Workers at Japanese firms can’t stand poor treatment


  • Nation
  • Tuesday, 05 Aug 2003

MTUC claimed that it has received numerous complaints from employees of Japanese-owned companies in the country who were opposed to having to stand for the entire working hours, Berita Harian reported. 

It claimed that nearly half of electrical and electronics factories owned by Japanese investors had replaced their workers’ system from sitting to standing to increase productivity since two years ago. 

The report quoted MTUC president Datuk Zainal Rampak as saying that workers, including pregnant women, were required to stand for eight hours daily. 

Zainal said he had raised the matter with the Industrial Relations Department (IRD) and Department of Occupational Safety and Health (DOSH) but the problem had yet to be resolved. 

He has also written to Women and Family Development Ministry so that the problem of pregnant women having to stand for eight hours was looked into. 

“There is no solution to the issue. DOSH even claimed that usage of chemical ingredients at the work place is a bigger issue than workers having to stand for eight hours,” he said. 

Zainal met 200 employees of an electronics company at their union's special meeting where they voted to picket over several issues, including that of women workers having to stand for their entire working hours, collective agreement and safety and health at workplace. 

Another issue was the failure of the company to respect the doctors’ proposal that women workers not stand while working and its failure to hold a monthly meeting with the union.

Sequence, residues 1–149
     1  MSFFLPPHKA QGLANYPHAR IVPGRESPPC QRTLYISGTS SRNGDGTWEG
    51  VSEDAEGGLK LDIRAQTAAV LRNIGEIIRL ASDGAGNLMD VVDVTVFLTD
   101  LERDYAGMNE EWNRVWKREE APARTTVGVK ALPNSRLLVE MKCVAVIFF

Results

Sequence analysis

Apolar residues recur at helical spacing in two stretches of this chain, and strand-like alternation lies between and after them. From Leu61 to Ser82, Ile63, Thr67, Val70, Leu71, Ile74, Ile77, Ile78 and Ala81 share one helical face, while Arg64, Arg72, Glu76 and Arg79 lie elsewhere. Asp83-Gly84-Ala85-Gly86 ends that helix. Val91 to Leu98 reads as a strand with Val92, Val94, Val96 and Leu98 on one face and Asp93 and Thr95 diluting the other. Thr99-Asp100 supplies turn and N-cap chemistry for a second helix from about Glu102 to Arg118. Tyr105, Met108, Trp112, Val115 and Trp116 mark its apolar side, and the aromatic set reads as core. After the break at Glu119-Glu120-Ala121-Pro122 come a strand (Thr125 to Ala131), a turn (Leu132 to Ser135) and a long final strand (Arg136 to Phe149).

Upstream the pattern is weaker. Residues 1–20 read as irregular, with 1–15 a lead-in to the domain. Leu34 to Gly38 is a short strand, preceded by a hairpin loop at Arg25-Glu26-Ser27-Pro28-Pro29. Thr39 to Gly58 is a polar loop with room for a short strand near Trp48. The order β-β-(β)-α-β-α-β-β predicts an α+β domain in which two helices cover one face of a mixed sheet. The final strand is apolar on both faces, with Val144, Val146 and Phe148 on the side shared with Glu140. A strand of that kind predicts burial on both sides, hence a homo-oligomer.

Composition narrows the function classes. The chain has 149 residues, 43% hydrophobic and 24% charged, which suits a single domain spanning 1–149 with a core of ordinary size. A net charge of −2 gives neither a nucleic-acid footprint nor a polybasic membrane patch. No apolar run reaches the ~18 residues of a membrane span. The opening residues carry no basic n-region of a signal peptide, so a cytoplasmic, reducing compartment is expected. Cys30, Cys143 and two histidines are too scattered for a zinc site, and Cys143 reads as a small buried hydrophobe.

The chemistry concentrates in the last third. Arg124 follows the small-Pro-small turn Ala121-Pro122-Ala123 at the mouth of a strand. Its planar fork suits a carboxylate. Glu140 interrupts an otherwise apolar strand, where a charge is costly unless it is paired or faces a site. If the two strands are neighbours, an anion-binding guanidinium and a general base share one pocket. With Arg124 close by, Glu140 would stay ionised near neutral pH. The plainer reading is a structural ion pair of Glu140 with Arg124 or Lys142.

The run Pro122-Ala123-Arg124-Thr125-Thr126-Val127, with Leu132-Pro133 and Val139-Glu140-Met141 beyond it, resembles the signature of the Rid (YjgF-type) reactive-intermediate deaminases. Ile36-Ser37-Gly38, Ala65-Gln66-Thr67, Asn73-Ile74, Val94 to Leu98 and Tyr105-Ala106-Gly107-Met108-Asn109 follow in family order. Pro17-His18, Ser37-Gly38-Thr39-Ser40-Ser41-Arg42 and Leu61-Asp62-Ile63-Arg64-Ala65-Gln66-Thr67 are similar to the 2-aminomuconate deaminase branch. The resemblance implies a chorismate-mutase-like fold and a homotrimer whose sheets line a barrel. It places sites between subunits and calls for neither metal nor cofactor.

Zainal said there were some among the elderly women suffering from serious foot injury. 

He also forwarded a complaint about the company’s treatment towards local workers to the Japanese International Workers’ Foundation which would visit the country from Sept 8 to 11 to investigate the matter. 

The daily also reported the incidence of ships anchored at Singapore which were discharging black oil in Johor waters particularly at Tanjung Piai, Pontian and Teluk Ramunia and Kota Tinggi. 

Southern Region Marine Department director Hazman Hussein confirmed the activity and admitted that it was difficult to cripple it. 

Utusan Malaysia highlighted a government study to reduce backlogged civil cases at magistrate courts. 

It was reported earlier that there are 144,800 civil cases which were postponed at magistrate courts due to lack of judges, lawyers and witnesses, court staff and interpreters, particularly Mandarin. 

Deputy Minister in the Prime Minister’s Department Datuk M. Kayveas who is heading the study, said he would hold meetings with representatives from the department’s Legal Affairs Division, Chief Justice, Bar Council, Federal Court registrar chief and Attorney-General’s Office to get their feedback to formulate a proposal to resolve the problem. 

 

He said based on the Public Complaints Bureau, there were cases which had been postponed for up to 10 years. 

 

Kayveas also proposed that judges use a common law which was suitable for Malaysian society, just like in Britain.  

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